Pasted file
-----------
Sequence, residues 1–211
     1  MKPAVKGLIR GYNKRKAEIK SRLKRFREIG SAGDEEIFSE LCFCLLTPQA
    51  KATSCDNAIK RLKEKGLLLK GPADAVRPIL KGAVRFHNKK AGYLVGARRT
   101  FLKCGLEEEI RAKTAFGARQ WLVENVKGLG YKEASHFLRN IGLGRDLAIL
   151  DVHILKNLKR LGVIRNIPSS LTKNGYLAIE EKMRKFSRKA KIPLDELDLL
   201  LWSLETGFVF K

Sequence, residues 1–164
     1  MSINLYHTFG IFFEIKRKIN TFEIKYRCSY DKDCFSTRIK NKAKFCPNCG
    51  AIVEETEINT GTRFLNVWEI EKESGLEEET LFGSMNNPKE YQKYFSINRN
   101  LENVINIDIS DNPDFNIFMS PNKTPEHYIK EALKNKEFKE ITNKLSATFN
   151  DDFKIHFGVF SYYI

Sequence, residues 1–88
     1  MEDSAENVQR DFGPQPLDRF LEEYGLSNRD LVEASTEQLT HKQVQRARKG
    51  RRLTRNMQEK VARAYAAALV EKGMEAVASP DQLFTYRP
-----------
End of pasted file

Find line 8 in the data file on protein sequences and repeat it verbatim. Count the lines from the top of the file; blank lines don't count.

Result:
     1  MSINLYHTFG IFFEIKRKIN TFEIKYRCSY DKDCFSTRIK NKAKFCPNCG